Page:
Mayim Bialik on ‘The Big Bang Theory’, Neuroscience, and Hollywood’s Body Standards

Mayim Bialik as Amy Farrah Fowler.
Mayim Bialik as Amy Farrah Fowler. Michael Yarish/CBS

Who says the cast of The Big Bang Theory doesn’t know any science?

Mayim Bialik has played neurobiologist Amy Farrah Fowler on the hugely successful CBS series for several seasons now. But it might surprise some people to know Bialik is, in real life, an actual neuroscientist who earned her PhD from UCLA in 2008.

Bialik is ecstatic about any influence that she, and her character on TBBT, has on young women considering entering a STEM (science, technology, engineering, and math) field. “I’m really proud that I’m working a show that highlights women in this way,” says Bialik. She goes on to talk a little more about Amy’s relationship to Bernadette Rostenkowski-Wolowitz (played by Melissa Rauch), another female microbiologist in the series.

“Sometimes our show is criticized for stereotyping women in a certain way but I think it’s interesting in that we show two really different kinds of females, both of whom are successful as scientists. Bernadette is more of an adorned character than Amy, but they’re both very well-rounded and unique in their own way,” explained Bialik.

“I generally wear bigger clothes as Amy because I don’t think there’s anything wrong with showing a character that has a normal body.”

In a further effort to inspire women, Bialik launched the website GrokNation in 2015. The site, which caters to women, includes insight on such wide-ranging topics such as religion, pop culture, parenting, and Hollywood.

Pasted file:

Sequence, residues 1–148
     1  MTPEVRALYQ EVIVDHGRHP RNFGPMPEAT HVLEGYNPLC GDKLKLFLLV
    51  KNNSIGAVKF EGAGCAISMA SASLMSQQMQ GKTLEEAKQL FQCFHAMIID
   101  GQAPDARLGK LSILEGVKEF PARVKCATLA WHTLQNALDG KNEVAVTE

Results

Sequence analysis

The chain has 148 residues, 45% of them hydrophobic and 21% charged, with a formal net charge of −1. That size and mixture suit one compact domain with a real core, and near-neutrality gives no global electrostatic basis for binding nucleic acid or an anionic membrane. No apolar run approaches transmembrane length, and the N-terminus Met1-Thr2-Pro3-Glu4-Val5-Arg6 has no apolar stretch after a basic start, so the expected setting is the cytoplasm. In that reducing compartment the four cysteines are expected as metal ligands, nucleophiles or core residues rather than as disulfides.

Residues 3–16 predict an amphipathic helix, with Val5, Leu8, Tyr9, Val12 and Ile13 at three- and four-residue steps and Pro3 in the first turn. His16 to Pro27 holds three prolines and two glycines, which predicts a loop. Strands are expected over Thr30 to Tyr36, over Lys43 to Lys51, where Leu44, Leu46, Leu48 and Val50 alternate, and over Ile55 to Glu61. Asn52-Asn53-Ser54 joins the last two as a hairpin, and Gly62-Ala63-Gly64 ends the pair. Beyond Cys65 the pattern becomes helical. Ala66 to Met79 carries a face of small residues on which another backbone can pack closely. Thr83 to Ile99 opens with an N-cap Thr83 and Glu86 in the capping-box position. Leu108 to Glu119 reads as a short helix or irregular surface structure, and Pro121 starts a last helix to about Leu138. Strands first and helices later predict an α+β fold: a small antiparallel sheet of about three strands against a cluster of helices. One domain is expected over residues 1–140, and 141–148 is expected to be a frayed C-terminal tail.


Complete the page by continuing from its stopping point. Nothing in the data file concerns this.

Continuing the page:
When we spoke at a recent event, Bialik said she feels the audience knows a lot about her character. What she really wants people to know is the conscious efforts she makes to make Amy look a certain way. “To me that’s important. I generally wear bigger clothes as Amy because I don’t think there’s anything wrong with showing a character that has a normal body. I have what’s considered a normal body.”

She laughed a little as she said, “By Hollywood standards I’m the fattest woman [on this red carpet.] Then she went on to say, “It’s a conscious decision that I make to not have Amy be sexy and not wear Spanx and push-up bras and false eyelashes. I know a lot of female scientists from my time in college and grad school who were respected for their brain and who didn’t have to compete on a physical level and I like that a lot in this character.”

“I likened my joining [during season 3] to entering your senior year of high school three weeks into the semester – everyone knows where they sit at lunch and everyone has their locker picked out.”

Joining the series in its third season was a bit tricky for the actress, admits Bialik.

“There was a lot of adjusting in that the rest of the cast had three seasons under their belt. I likened my joining at that time to entering your senior year of high school three weeks into the semester – everyone knows where they sit at lunch and everyone has their locker picked out. But it’s like anything new, after some initial awkwardness you settle in.”

Of her relationship with her co-workers now, Bialik says, “It’s really great. We all love what we’re doing and want to keep doing it.” She adds, “It’s really just so interesting and fun and inspiring to play these characters because they’re all growing and changing all the time. It’s very much like real life and we’re all very proud of that. Our real hope is people will continue to come back week after week and join us in this continuing adventure.”

The Big Bang Theory’s season nine finale airs Thursday night at 8/7c on CBS.  The series has been renewed for a tenth season.

Mayim Bialik on ‘The Big Bang Theory’, Neuroscience, and Hollywood’s Body Standards